Button robbed in Melbourne?

Jenson Button, Australian GP 2011

Jenson Button, Australian GP 2011 

 © The Cahier Archive

After a difficult winter McLaren went away from the Australian GP delighted that Lewis Hamilton finished a strong second in a car that demonstrated genuine pace, but frustrated that a stewards decision robbed them of a double podium finish.

Jenson Button, who qualified fourth but lost places at the start when he was pushed wide by Vitaly Petrov in Turn 1, was later given a Drive Through penalty for missing out part of the track when trying to go around the outside of Felipe Massa in Albert Park's long left-hand Turn 11. He eventually finished sixth.

"Felipe was so slow and difficult to overtake," Button said. "He slowed us both down massively. I was in front before we turned in, but he went really deep into the corner and pushed me wide so that I couldn't take my normal line."

Team principal Martin Whitmarsh takes up the story: "I think Jenson was very unlucky. We didn't see it but he told us about it on the radio and we immediately advised the FIA and asked what they wanted us to do. We were told by race control that they'd get back to us but they didn't. The next thing we knew it went to the stewards and by that point also, Ferrari had stopped."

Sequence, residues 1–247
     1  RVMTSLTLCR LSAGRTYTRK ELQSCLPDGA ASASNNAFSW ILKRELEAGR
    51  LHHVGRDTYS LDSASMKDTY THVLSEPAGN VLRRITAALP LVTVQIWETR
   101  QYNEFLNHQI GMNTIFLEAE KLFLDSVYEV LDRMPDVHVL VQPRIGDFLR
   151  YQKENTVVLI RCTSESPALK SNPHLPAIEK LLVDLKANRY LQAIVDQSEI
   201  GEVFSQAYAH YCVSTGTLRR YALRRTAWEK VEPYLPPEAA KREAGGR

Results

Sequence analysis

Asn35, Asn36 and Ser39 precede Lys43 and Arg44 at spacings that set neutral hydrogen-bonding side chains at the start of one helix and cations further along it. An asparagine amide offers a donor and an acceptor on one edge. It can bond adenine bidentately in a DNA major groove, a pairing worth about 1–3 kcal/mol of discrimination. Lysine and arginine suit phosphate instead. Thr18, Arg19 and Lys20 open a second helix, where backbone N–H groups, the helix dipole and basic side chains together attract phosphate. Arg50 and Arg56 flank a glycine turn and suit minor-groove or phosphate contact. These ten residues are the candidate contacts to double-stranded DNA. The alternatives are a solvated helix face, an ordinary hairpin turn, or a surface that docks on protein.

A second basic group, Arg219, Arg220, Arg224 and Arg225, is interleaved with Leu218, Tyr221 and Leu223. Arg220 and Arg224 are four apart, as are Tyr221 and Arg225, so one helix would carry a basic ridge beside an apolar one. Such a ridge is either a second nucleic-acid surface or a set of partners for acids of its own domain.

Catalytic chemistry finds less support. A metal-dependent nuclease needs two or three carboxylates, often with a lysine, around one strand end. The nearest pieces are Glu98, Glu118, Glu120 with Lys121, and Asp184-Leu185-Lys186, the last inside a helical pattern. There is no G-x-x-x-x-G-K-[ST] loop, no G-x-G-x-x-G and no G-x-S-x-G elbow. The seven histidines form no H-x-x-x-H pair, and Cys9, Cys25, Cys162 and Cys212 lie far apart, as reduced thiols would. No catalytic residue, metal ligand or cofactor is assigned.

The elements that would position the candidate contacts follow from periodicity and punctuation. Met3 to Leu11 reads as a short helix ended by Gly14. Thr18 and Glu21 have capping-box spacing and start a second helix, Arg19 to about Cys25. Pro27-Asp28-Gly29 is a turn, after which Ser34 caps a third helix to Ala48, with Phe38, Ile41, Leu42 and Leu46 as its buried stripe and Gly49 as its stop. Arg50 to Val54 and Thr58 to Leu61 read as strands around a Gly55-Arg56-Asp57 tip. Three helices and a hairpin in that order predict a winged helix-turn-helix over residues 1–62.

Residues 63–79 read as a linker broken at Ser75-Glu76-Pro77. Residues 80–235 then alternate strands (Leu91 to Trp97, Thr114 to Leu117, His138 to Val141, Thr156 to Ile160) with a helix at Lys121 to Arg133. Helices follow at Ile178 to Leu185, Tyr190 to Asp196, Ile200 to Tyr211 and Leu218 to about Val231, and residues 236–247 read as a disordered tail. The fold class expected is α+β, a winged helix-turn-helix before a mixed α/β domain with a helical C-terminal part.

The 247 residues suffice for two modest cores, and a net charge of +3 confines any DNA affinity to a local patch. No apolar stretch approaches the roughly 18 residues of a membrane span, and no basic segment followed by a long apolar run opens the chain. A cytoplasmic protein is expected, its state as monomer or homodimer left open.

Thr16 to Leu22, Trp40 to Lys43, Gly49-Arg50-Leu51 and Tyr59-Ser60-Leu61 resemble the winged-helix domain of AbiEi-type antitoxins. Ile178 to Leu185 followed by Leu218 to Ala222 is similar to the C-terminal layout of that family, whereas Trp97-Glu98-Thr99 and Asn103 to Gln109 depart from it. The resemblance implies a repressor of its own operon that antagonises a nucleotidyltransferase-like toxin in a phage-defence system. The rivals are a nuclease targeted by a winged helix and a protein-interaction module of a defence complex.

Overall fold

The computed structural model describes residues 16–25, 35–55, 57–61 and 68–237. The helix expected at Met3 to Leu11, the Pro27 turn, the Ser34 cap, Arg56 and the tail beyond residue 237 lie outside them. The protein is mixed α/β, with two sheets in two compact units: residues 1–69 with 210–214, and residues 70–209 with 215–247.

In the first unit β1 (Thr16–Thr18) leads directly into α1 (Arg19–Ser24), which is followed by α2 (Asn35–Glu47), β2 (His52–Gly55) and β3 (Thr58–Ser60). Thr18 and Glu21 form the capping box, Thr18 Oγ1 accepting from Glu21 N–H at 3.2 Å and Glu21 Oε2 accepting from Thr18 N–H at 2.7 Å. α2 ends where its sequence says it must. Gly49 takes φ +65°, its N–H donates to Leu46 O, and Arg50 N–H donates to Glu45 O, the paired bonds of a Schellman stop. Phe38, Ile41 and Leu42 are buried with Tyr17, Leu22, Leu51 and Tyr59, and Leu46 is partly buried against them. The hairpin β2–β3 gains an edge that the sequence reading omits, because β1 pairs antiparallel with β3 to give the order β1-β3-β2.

It meant that the opportunity for Button to give the place back had gone. "We were then in the hands of the stewards and you can't do anything about that," Whitmarsh added. "I think it was pretty tough but I haven't seen the information and I'm not a steward. You just have to look at the data and we would have had a double podium.

"On performance we had a car that was not quite on the pace of (race winner) Sebastian (Vettel) but we had the pace of Mark (Webber) and certainly of Ferrari and any other cars. It's not quite good enough but it's a good basis to start. What we had here in Australia was put together very quickly, was inevitably not the best job we can do and the job now is to make it better for Malaysia.

"Lewis did a great job and obviously had a floor problem. Until that point he wasn't quite as quick as Sebastian but I think it was pretty close until then he lost probably five to eight points of downforce. At one point I wasn't sure that his damaged floor was going to get to the end of the race. After that we were conservative, we didn't want him to run wide again or use the kerbs and he did a very solid job.

"But, we go away from here knowing we had the pace to have two cars on the podium without anyone having a mistake in front of us. That was genuine pace. The drivers have had a hard winter and so has the team and it's fantastic to come out of it and be that strong. It's a long championship and we've got to dig deep and improve race by race."

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